When you say football, you've said it all.
So despite decisions made elsewhere, schools in the Southeastern Conference aren't seriously considering the sale of beer in the stadiums where fans practice the ancient ritual of college football.
"We see no value in it. It's being done in some places but it is not an option in the SEC," says Greg McGarity, the athletic director at the University of Georgia.
Around two-dozen schools nationwide now sell beer or alcohol at college football games. Southern Methodist University is the latest. Money the Mustangs pocketed in an experiment during the basketball season was just too attractive.
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You might think this isn't happening around us because we live in the Bible Belt but McGarity says it's about liability more than theology.
"We have enough liability with 90,000 people in the stadium. We wonder if new revenue would outweigh the increased liability exposure," he says.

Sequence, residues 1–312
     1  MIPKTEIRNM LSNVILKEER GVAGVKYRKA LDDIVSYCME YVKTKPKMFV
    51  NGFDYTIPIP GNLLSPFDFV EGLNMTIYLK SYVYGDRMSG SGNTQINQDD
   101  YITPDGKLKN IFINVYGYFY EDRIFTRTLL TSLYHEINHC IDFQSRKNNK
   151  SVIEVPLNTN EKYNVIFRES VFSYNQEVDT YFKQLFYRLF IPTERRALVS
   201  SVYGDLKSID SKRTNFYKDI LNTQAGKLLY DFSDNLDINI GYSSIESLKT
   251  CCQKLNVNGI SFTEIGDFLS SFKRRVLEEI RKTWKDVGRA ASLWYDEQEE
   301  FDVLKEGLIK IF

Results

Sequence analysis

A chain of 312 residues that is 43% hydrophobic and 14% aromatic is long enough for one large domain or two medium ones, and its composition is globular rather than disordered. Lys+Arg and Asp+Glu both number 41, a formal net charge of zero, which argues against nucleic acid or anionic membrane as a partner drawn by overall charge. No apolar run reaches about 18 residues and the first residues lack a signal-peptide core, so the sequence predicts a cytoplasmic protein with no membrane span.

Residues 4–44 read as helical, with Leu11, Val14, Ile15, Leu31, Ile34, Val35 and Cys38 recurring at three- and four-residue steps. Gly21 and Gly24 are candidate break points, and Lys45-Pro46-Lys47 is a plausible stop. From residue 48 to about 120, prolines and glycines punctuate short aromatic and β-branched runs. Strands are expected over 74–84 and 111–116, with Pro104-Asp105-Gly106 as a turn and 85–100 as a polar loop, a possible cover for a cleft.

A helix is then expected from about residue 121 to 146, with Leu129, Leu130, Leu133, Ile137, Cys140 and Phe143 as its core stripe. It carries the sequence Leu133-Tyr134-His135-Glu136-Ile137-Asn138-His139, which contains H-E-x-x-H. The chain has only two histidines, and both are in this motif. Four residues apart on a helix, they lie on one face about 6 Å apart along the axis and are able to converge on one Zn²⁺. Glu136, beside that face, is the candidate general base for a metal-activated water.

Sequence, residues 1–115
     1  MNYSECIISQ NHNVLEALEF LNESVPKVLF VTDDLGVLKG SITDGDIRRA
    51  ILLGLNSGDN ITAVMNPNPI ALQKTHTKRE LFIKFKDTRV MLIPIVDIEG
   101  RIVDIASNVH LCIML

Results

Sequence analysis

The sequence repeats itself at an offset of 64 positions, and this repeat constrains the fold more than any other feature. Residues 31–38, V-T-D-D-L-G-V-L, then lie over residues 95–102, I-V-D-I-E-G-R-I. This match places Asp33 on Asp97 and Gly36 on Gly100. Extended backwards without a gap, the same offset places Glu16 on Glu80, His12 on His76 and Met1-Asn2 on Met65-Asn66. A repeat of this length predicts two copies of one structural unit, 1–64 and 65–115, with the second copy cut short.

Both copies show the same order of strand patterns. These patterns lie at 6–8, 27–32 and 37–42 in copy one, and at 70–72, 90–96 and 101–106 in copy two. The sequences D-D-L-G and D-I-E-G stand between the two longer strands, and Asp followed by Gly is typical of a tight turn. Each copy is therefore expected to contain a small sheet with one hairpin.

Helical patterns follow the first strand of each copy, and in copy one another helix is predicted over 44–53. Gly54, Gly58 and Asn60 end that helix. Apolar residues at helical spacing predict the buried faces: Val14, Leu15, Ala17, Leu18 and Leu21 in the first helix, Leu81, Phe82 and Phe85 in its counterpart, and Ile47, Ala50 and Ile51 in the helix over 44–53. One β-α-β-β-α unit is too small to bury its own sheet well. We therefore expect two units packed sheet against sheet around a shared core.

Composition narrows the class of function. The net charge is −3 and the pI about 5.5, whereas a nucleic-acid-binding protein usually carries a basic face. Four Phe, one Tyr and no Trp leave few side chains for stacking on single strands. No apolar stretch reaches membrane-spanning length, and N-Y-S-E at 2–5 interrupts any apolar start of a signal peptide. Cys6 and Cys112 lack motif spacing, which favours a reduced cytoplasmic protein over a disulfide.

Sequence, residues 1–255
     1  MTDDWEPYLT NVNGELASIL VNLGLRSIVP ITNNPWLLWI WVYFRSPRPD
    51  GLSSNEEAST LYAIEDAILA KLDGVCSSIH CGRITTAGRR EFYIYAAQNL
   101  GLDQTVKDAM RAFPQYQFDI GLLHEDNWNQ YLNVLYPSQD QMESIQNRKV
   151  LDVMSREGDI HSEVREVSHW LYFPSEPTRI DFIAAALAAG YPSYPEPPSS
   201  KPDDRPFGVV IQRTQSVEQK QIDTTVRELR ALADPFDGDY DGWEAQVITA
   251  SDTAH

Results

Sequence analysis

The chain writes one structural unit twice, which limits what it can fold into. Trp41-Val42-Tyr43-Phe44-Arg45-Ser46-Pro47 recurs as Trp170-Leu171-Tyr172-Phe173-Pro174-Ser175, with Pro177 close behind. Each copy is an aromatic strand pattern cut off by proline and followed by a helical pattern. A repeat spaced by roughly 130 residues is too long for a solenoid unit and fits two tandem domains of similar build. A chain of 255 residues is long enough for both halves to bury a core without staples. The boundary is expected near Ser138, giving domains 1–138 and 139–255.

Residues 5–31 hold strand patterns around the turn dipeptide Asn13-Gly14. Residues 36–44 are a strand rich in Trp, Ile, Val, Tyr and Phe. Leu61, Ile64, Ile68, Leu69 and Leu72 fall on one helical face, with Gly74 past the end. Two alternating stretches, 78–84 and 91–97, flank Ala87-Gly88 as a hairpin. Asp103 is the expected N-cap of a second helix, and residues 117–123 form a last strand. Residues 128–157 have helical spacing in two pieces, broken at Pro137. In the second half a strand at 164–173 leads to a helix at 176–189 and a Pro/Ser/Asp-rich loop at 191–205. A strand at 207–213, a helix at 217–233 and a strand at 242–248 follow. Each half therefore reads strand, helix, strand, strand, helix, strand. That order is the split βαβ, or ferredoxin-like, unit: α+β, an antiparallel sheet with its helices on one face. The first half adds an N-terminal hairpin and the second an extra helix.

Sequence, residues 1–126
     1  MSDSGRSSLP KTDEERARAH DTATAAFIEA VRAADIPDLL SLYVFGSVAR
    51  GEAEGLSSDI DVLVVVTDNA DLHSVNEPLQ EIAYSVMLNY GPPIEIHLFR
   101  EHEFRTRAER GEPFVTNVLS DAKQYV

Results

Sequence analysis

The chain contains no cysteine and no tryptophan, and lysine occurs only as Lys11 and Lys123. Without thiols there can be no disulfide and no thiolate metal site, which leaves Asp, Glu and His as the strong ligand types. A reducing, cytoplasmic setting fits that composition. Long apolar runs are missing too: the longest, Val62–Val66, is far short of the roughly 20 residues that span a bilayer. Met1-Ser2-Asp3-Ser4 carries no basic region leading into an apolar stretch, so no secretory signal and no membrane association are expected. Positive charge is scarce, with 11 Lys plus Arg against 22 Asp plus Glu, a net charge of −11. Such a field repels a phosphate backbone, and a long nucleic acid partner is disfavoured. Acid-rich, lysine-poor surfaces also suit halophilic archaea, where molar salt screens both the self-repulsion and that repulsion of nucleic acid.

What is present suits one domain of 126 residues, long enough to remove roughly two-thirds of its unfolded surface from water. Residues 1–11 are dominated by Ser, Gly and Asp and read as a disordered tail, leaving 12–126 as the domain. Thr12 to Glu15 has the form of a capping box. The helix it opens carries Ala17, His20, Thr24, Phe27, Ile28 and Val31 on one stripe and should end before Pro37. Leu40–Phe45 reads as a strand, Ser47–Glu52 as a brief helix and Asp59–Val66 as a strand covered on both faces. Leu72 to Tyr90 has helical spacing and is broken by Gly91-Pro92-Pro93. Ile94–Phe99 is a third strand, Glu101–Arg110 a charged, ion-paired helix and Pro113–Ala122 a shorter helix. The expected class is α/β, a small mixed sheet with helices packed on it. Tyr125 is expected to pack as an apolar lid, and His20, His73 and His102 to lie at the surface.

No one is blind to how much alcohol is regularly consumed by tailgaters, and fat cat supporters are already being served booze in luxury skyboxes that hang from the rafters in every major venue -- including Sanford Stadium. However, the SEC does not allow alcohol consumption in public areas. Nor does the conference allow it to be advertised.
This fall, Arkansas begins selling beer at concession stands serving 8,950 hog-calling fans in a special club section. Alabama, Auburn and LSU allow premium ticket-holders to brown-bag their own bottles but don't include beer on their stadium menus.
Before changing its policies about alcohol, the SEC would have to consider state laws, campus regulations and the ordinances of local municipalities. There is also the matter of students and mounting concerns about their alcohol consumption.
Money is certainly not an issue down South and if policy changes were made, "it would have to go all the way to our presidents," the Georgia athletic director said.
The SEC maintains a delicate balance on this ageless cultural issue. While it came out against using "The World's Largest Cocktail Party" as a slogan for the annual Georgia-Florida football game in Jacksonville and doesn't condone booze inside SEC stadiums, it tolerates it in the weekly villages that spring up around every game.
McGarity shares an important observation that should not be overlooked: "If someone can't be without a drink for three hours, they probably have other issues."
-- Richard Hyatt is an independent correspondent. Reach him at firstname.lastname@example.org.